In 2001, at the age of 22 – when I thought my life had just begun – I was diagnosed with HIV. At that time, the diagnosis felt like a death sentence. Every day, I waited for my hour to die.
However, after two months of waiting, death didn’t come.
Instead, a comrade arrived and took me to the offices of the Treatment Action Campaign (TAC) – a South African group fighting for access to HIV treatment for all. There, I met other people living with HIV for the first time. And there, I learned my first lesson about epidemics: for people living in poverty to access the services they need to defeat diseases, it will always involve a fight.
This year, we mark 40 years since the first cases of HIV were reported. We have made extraordinary progress in that time. Twenty years ago, when I first learned of my HIV status, science had already gifted humanity with drugs to treat the virus. However, South Africans like myself, and many other people living in poverty, continued to die in their millions. The highly effective antiretroviral therapy cost nearly $10,000, well beyond our reach.
To make this therapy accessible to people living in poverty, we needed to fight. TAC introduced me to the fight for social justice. For most of us at TAC, it was the fight for our lives, because friends and family members were dying from the disease. At the time, the leadership of South Africa was rejecting the science of antiretroviral treatment and letting people die.
TAC and other advocates around the world poured into the streets. We recited our wishes and the wishes of millions of others who were dying. We called out governments for neglect and pharmaceutical companies for putting profits before people. We demanded measures that would ensure access to treatment for all. We demanded equity.Eradicating polio is finally within reach. Why is the UK taking its foot off the pedal?Anne Wafula StrikeRead more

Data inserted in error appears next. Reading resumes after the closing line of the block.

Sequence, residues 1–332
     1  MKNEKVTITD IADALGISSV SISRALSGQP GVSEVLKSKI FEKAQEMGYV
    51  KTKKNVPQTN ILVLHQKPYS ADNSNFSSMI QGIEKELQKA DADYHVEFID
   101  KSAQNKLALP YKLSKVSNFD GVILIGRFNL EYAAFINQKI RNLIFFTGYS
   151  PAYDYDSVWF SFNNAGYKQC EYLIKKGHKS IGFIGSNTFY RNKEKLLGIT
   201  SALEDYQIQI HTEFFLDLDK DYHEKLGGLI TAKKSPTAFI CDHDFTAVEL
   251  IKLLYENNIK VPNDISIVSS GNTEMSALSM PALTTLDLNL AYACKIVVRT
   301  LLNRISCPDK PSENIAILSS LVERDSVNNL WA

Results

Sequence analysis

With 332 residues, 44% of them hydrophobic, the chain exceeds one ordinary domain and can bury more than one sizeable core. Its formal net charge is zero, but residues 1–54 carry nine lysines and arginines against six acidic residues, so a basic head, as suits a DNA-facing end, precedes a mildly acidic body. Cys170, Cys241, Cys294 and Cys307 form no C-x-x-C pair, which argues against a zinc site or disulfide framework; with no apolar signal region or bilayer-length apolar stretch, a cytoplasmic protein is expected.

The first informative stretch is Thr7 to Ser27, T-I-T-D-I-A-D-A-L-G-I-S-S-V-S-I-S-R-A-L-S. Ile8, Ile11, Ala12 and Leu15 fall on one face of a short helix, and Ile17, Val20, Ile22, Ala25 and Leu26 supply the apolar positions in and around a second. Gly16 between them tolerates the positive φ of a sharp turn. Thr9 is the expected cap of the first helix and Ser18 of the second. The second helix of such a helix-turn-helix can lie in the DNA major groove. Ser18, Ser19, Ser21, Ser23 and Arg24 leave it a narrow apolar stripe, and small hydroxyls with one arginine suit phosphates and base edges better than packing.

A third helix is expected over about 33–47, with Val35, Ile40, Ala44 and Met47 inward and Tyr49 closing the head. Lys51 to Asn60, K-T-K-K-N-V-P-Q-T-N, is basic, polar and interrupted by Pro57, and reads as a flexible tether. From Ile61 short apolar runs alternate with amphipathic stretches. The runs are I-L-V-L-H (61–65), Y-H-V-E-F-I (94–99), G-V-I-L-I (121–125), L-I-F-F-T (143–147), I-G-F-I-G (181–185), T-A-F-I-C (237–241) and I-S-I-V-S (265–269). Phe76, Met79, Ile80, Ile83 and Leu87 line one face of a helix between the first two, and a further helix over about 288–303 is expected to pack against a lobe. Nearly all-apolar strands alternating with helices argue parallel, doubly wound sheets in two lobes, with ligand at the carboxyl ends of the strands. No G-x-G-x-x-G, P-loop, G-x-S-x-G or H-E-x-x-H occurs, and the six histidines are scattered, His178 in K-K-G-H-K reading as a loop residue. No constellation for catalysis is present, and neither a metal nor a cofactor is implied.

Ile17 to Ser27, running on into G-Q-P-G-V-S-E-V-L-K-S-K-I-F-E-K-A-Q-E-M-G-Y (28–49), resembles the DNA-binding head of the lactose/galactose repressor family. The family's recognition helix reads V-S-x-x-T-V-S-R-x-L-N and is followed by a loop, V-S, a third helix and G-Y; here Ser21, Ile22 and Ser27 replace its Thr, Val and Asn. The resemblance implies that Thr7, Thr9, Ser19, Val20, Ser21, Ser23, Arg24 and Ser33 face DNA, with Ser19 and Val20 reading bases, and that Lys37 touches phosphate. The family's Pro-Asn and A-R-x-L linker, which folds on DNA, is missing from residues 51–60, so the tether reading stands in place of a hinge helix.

We called for a people’s fund that would strive to see that everyone, regardless of class, creed or colour, could access the treatment they needed to stay alive. The idea of a global mechanism to support people living in poverty to access treatment seemed unthinkable. Some people even doubted whether people living in poverty in Africa had sufficient literacy to adhere to treatment. But we marched on. That push led to political action and the creation of the Global Fund to Fight Aids, Tuberculosis and Malaria – a people’s fund with a governance structure that would involve civil society, communities and people affected by diseases.
Its impact was immediate. In South Africa, as in many other countries around the world, Global Fund investments catalysed efforts to treat all people by supporting early initiatives for treatment and building the necessary infrastructure. In 2004, I was one of many people who began to access lifesaving treatment.
The impact of the Global Fund partnership, which celebrates its 20th anniversary this year, has been gamechanging. Twenty years later and with 38 million lives saved, the partnership continues to deliver on its mandate.
Vuyiseka Dubula is an HIV/Aids activist and director of the Africa centre for HIV/Aids management at Stellenbosch University in South Africa
This story was taken from The Guardian. You can read the original here